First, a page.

Magnificent Cuc Phuong National Park
Update: May 04, 2009
Leaving behind the noise and the dust of the city, we escaped to Cuc Phuong National Park - the place of Vietnam’s capital in the 10th century - to immerse ourselves in nature and breathe in the fresh air of the vast, green forest.
Cuc Phuong National Park, 120km south of Hanoi, is located in the center of the Tam Diep mountain range. It’s so big (22,200ha) that it’s situated in three provinces, Ninh Binh, Hoa Binh and Thanh Hoa.

The park is surrounded by 300-400m high limestone hills and has within it a number of microclimates and unique ecosystems. The place is also of cultural and historical value and attracts both domestic and foreign visitors.

The native of the area who guided us on our excursion told us that the best time to visit the park is between December and the end of April when it’s not raining. At that time, one can hear birds singing and gibbons calling from high up in the treetops.

From the top of one of the Tam Diep hills, one can look out over the entire national park. Cuc Phuong is home to thousand-year old trees such the Parashrea stellata and Dracontomelum duperranum, dozens of varieties of orchids and also rare langurs, squirrels, spotted deer, and butterflies.

Cuc Phuong National Park has a rich fauna and a diverse flora. There are nearly 2,000 varieties of plant life and the forest has five layers. In the park there are 450 species of vertebrates which account for 38 percent of all animal species found in Vietnam.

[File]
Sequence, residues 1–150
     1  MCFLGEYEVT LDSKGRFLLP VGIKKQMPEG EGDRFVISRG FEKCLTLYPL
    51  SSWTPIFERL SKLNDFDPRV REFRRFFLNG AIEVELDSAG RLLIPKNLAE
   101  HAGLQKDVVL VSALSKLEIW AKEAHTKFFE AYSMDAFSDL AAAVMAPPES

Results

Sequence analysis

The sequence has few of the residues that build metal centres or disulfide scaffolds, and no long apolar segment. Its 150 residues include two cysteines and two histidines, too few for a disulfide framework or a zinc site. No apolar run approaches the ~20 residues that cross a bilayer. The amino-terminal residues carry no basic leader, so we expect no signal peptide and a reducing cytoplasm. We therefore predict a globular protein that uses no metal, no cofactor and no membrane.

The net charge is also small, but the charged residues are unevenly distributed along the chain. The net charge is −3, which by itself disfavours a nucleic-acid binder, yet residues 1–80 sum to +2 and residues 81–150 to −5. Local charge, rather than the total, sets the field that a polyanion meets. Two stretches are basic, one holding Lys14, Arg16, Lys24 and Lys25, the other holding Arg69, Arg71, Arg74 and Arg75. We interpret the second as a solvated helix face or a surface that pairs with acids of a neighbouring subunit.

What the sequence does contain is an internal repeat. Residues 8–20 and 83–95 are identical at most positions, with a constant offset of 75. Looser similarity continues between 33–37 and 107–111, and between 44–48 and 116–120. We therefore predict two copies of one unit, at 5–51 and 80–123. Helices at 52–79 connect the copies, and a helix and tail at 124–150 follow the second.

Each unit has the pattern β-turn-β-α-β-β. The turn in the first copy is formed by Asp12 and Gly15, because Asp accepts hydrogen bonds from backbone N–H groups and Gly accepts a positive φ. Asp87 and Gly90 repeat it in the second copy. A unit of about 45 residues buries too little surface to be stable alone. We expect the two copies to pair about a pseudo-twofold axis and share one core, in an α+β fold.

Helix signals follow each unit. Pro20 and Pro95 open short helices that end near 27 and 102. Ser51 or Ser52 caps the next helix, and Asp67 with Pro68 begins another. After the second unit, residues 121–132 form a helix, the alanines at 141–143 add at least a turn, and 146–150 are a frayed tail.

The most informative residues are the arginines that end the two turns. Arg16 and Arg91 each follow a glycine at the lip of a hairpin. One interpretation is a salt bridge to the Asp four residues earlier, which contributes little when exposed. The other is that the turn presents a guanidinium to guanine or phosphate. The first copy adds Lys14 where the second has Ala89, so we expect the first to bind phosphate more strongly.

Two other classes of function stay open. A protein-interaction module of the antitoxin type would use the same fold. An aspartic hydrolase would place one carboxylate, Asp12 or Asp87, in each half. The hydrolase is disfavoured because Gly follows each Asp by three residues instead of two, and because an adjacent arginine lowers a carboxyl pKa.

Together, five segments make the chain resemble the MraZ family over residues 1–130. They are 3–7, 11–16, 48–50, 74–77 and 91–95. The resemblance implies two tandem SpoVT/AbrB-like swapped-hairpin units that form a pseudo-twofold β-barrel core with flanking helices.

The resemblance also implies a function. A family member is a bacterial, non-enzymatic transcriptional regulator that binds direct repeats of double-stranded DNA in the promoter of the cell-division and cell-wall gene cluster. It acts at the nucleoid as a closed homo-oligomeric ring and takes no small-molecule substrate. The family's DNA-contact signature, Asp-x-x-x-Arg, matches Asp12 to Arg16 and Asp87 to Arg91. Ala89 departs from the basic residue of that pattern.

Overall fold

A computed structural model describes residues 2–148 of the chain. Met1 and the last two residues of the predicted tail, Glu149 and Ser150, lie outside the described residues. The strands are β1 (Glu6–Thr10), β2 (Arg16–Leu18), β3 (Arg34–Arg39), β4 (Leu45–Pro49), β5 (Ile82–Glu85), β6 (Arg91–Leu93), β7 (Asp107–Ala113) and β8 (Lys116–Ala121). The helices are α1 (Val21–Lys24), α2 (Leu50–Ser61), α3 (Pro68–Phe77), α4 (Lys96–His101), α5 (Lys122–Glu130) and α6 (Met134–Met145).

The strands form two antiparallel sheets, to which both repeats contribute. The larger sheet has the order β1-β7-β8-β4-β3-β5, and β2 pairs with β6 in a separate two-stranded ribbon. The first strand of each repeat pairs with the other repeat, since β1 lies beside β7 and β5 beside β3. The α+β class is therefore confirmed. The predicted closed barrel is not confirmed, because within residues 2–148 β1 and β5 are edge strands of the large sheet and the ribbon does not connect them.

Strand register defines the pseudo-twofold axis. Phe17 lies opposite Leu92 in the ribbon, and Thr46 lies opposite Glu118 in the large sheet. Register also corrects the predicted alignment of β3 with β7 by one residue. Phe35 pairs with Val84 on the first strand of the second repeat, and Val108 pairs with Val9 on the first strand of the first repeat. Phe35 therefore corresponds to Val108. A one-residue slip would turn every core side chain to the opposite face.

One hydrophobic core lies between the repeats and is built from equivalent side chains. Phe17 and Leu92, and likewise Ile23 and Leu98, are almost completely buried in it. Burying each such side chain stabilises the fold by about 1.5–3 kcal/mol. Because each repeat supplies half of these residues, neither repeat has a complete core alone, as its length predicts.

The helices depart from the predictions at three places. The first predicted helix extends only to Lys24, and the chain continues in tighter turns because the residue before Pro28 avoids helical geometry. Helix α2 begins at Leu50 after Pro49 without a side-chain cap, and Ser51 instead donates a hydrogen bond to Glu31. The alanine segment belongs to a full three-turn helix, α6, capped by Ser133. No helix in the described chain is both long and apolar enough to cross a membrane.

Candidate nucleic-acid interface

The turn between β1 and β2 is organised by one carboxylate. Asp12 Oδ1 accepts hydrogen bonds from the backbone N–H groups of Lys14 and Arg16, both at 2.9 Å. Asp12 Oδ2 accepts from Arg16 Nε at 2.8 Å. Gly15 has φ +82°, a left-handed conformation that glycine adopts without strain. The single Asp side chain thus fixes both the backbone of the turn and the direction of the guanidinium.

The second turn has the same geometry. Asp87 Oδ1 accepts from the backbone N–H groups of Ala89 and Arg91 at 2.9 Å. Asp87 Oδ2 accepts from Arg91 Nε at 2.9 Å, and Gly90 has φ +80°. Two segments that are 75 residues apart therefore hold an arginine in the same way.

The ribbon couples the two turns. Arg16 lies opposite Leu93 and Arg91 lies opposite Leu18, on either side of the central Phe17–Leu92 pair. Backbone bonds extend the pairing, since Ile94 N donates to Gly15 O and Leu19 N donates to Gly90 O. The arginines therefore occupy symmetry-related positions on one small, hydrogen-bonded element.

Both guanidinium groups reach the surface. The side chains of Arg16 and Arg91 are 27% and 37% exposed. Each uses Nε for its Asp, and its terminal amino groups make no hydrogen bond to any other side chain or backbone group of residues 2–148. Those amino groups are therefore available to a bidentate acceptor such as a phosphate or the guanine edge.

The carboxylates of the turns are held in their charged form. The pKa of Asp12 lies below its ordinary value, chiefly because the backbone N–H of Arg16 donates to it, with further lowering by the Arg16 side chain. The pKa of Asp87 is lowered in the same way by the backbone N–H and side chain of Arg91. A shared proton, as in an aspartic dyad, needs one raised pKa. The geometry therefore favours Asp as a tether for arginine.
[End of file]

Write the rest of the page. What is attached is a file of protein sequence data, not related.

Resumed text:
Cuc Phuong forest was given reserve status in 1960 and in 1966 it became the country’s first national park. Within the park are the Trang Khuyet, Con Moong, Pho Ma and Nguoi Xua caves, each beautiful in its own way.

The most attractive cave is perhaps Nguoi Xua which has a 45m high ceiling and was used by prehistoric people. In 1966 the Vietnam Institute of Archaeology and Cuc Phuong National Park personnel excavated the cave and found many axes and knives made of stone, shell, animal bone and teeth.

They also found three tombs with intact human skeletons. Radiocarbon dating showed the skeletons to be about 7,500 years old. The corpses were found in a curled up position kept in place by stones. When buried they were placed on crushed stone and covered with celandine plants. These are the first ancient tombs to have been found in Vietnam.

Nguoi Xua Cave is home to 19 bat species and locals call the cave Hang Dang (’Hang’ in Vietnamese means cave, and ’Dang’ in Muong means bat). Inside the cave are beautiful stalactites of many shapes. Domestic visitors enjoy hitting upon the stalactites to make a sound that is like a gong.

Visitors to Nguoi Xua Cave are reminded that humans have been around for quite some time. They come to the cave and burn incense to commemorate the ancients and then contemplate the imposing scenery of the vast, green forest of Cuc Phuong.